I found this xkcd comic hilarious and, at the same time, brilliant:

The reason why I like it so much is that it shows what is wrong with frequentist hypothesis testing very plainly, and why a Bayesian approach might be preferable. And mind you, this isn’t just a philosophical issue, devoid of real-world value, we statisticians cannot agree on. On the contrary, it has serious consequences: I am sure you heard of the replication crisis plaguing some fields of science. Essentially, people realized that it is not possible to reach the same conclusions shown in some studies, and one of the culprits is misunderstanding and wrongful application of hypothesis testing and p-values.

Here, I just want to explain what is going on in that comic. The two scientists have a hypothesis they want to test (the sun exploded), and do so by gathering some data (the answer from the machine). A good scientific hypothesis should be falsifiable, it should be possible to show that it is false. If this is not possible, then that theory is just pseudo-science on the same level as magic, witches, and dragons. At least this was Popper’s reaction to the other scientific paradigm of the time, namely showing that a theory is true by means of repeated observations. Things have changed since then, most notably falsifiability was rejected as a criterion for separating science from non-science.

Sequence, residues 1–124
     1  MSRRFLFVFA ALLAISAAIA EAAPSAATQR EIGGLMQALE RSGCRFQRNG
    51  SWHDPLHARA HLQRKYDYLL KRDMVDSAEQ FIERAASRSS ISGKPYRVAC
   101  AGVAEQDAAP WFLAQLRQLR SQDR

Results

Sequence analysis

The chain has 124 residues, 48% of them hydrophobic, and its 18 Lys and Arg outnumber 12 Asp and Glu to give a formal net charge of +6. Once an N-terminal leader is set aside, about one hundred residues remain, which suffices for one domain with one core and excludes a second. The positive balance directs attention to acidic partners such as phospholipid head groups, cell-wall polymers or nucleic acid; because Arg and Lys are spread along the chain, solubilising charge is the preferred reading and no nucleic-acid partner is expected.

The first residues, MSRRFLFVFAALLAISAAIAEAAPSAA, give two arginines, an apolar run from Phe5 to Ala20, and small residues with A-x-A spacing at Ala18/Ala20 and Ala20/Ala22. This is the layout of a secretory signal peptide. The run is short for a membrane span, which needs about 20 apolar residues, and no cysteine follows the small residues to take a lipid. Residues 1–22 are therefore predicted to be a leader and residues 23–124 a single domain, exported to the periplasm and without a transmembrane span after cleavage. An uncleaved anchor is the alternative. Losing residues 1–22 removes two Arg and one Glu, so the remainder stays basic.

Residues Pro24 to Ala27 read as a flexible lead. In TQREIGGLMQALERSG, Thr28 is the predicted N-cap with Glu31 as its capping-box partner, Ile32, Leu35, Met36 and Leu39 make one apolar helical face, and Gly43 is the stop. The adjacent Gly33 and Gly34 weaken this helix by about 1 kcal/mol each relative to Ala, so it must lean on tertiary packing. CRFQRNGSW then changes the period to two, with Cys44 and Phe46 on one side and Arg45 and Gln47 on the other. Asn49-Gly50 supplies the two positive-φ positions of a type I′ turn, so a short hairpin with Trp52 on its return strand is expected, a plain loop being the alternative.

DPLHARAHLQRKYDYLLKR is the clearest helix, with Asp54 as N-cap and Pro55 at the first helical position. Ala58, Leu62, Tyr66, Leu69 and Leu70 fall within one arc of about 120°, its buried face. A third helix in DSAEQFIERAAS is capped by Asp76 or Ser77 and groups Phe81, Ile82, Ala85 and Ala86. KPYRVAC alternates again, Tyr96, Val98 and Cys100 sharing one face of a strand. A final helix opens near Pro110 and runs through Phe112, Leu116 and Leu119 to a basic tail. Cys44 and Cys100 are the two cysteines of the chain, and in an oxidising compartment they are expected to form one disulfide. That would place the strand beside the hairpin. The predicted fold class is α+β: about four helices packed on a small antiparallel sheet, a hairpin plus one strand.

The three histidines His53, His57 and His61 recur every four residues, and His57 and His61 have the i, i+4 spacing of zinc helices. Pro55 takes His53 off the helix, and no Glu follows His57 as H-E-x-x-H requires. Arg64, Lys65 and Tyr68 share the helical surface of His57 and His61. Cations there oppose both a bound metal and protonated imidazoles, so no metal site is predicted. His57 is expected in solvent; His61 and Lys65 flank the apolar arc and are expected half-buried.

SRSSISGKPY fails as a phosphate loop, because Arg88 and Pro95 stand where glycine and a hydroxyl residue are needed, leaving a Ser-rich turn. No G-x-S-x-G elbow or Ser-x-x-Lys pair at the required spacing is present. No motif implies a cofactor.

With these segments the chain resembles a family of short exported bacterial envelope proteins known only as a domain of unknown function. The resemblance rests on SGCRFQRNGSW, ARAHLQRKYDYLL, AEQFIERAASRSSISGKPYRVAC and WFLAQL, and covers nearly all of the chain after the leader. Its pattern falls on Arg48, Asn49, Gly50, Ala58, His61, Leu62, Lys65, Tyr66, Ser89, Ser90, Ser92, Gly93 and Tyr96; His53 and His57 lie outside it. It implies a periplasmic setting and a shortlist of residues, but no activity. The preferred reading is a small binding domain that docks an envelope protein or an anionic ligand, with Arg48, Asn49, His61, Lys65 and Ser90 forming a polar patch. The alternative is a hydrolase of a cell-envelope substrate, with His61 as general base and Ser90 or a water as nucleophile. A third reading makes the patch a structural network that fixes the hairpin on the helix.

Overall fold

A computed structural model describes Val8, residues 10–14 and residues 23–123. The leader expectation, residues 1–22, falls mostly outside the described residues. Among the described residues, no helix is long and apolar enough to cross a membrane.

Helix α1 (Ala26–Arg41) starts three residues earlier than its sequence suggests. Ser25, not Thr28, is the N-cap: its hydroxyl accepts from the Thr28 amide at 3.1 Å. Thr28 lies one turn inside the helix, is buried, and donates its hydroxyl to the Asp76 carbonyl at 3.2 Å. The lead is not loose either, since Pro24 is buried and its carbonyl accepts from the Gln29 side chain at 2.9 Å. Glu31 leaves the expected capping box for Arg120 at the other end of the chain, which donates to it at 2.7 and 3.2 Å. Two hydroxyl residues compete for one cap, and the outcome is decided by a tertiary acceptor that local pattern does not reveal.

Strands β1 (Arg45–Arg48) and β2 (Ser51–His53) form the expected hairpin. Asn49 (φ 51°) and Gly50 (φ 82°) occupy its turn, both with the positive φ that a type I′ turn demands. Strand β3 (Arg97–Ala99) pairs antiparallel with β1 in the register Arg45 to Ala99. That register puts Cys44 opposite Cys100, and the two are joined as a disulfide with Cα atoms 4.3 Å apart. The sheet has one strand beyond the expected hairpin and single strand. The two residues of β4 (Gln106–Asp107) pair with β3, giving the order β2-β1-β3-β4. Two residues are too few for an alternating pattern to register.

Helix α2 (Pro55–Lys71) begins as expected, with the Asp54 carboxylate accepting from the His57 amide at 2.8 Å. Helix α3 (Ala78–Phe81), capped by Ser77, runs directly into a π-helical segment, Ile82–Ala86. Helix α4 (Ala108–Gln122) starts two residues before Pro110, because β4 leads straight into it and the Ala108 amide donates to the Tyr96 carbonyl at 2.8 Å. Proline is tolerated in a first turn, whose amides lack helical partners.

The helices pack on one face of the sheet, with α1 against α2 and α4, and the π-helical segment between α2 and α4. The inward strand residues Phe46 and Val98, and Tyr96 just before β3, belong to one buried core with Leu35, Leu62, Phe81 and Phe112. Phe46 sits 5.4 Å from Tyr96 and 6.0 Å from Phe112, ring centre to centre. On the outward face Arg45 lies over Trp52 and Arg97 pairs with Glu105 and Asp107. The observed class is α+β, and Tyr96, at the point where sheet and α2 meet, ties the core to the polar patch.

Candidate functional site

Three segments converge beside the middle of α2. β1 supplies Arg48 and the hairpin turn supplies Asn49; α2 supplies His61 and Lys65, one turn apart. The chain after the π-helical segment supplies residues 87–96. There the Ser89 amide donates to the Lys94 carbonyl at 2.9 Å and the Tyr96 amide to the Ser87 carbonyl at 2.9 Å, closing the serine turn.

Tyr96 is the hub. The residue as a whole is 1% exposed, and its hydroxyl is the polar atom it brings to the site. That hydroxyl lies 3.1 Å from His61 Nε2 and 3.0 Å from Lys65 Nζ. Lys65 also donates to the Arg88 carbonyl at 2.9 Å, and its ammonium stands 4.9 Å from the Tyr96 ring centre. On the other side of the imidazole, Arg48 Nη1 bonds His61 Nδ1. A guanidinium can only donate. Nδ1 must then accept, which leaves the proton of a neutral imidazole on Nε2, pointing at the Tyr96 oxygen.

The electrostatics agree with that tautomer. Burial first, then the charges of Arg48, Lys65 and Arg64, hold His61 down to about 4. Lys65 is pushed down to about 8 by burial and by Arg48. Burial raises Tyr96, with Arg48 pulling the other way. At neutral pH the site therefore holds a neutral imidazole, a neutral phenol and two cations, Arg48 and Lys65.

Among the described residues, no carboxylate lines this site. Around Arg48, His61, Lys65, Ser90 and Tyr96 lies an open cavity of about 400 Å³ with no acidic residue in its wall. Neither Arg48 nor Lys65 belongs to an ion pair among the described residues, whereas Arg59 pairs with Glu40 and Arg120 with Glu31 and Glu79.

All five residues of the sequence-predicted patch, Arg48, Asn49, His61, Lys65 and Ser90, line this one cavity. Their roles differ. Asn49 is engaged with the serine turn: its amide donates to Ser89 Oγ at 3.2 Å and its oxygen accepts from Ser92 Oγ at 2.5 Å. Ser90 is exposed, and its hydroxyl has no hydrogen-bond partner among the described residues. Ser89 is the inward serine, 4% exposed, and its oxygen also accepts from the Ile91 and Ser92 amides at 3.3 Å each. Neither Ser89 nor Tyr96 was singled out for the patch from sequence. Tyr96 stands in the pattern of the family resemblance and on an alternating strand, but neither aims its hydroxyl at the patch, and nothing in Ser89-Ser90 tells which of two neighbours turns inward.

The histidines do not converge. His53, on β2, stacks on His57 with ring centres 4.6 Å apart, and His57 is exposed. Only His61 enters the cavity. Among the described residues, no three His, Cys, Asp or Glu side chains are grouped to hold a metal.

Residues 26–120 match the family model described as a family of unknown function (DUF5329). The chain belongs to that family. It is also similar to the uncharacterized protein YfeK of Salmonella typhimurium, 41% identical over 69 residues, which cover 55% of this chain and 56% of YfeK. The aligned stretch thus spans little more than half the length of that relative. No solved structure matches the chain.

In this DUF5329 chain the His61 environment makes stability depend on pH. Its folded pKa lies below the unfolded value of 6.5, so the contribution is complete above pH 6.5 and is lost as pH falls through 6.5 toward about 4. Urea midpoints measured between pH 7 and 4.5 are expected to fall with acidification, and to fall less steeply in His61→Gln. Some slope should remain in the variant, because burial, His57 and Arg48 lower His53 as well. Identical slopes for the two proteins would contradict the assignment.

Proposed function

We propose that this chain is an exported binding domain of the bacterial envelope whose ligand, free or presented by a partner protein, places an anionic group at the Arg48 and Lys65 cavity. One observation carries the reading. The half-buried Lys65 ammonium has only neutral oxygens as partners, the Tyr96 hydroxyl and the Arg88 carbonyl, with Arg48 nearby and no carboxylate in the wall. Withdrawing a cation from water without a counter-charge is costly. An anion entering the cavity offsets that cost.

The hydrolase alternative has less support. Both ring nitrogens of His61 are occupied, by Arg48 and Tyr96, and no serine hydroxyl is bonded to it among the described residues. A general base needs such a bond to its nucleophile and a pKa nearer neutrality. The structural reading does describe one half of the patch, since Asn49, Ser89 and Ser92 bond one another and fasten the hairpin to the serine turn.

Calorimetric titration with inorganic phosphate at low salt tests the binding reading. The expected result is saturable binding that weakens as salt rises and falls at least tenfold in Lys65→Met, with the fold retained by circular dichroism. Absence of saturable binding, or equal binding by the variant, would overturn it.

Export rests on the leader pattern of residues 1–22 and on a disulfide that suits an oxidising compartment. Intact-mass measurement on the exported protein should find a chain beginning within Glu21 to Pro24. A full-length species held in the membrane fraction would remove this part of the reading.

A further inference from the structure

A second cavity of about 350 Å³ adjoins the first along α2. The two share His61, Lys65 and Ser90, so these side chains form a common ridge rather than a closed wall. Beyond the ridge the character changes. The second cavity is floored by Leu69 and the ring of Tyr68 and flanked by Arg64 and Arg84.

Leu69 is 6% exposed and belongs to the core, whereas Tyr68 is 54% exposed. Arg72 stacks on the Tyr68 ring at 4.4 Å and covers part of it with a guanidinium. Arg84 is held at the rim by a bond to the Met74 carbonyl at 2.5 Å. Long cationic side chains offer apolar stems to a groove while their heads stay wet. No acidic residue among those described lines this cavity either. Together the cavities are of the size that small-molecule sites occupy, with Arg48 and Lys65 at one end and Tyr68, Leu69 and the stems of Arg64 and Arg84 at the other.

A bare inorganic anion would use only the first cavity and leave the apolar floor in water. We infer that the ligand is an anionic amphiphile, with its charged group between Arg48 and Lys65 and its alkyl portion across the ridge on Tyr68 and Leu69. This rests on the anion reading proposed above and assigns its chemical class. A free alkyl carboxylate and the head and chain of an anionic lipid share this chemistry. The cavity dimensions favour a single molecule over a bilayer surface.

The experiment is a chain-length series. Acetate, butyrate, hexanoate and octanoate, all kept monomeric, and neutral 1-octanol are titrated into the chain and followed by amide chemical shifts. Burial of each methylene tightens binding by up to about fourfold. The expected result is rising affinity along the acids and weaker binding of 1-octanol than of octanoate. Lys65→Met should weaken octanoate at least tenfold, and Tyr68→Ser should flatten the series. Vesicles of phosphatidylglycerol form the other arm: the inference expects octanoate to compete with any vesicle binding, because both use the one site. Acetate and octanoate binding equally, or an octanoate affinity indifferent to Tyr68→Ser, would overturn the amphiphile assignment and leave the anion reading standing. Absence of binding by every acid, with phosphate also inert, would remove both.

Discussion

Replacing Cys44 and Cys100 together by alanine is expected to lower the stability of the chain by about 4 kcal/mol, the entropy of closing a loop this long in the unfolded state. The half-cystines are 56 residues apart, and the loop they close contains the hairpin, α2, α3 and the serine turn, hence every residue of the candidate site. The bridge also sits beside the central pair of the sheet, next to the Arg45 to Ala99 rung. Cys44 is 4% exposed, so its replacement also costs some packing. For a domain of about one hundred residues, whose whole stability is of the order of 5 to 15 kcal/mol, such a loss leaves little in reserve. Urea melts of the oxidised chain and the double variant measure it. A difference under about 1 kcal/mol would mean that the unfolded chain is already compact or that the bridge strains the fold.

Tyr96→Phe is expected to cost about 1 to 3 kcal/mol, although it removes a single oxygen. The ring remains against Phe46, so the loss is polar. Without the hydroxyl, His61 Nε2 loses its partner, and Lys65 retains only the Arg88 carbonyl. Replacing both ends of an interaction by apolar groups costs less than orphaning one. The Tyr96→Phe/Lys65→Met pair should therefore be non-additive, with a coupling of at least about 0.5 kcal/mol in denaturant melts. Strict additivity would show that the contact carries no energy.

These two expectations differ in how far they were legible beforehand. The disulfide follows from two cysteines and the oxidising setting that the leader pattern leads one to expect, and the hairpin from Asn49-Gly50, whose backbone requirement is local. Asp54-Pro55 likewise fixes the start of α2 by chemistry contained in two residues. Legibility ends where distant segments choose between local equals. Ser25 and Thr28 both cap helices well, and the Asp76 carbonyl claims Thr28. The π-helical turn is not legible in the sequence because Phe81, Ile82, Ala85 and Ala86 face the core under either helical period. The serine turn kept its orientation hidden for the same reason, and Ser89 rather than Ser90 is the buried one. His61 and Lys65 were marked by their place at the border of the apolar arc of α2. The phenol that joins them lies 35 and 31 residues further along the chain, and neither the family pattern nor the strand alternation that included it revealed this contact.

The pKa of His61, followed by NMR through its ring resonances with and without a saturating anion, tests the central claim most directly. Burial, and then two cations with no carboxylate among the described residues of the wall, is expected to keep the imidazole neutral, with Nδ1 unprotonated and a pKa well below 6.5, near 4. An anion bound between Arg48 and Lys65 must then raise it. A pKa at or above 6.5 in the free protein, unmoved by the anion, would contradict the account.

The frequentist approach to this task is to assume that the hypothesis is false (to be precise, that there is “no effect”) and compute the probability of the observations under this assumption; if this probability (the p-value) is low enough, then we can be reasonably sure that the hypothesis must be true, otherwise nothing can be said. Now, people mindlessly use 0.05 as a threshold to say that something is statistically significant, even though there is no particular reason to use this value and not another. The true story is that Fischer, who first developed the theory behind p-values, used this value as a cut-off to establish that something fishy is going on (ha-ha) and worthy of more investigation. In practice, nowadays, the investigation just stops at that threshold, as if we found the truth and nothing more needs to be done. (Check here and here for other xkcd comics pointing out how silly this is).

Going back to the comic, we assume that the sun has not exploded. Since the machine answered “yes”, it must be lying; as the machine only lies when the outcome of a two-dices roll is a double six, the probability it did lie is $1/36$. Conversely, the probability it did not lie is $35/36$, so better save yourselves.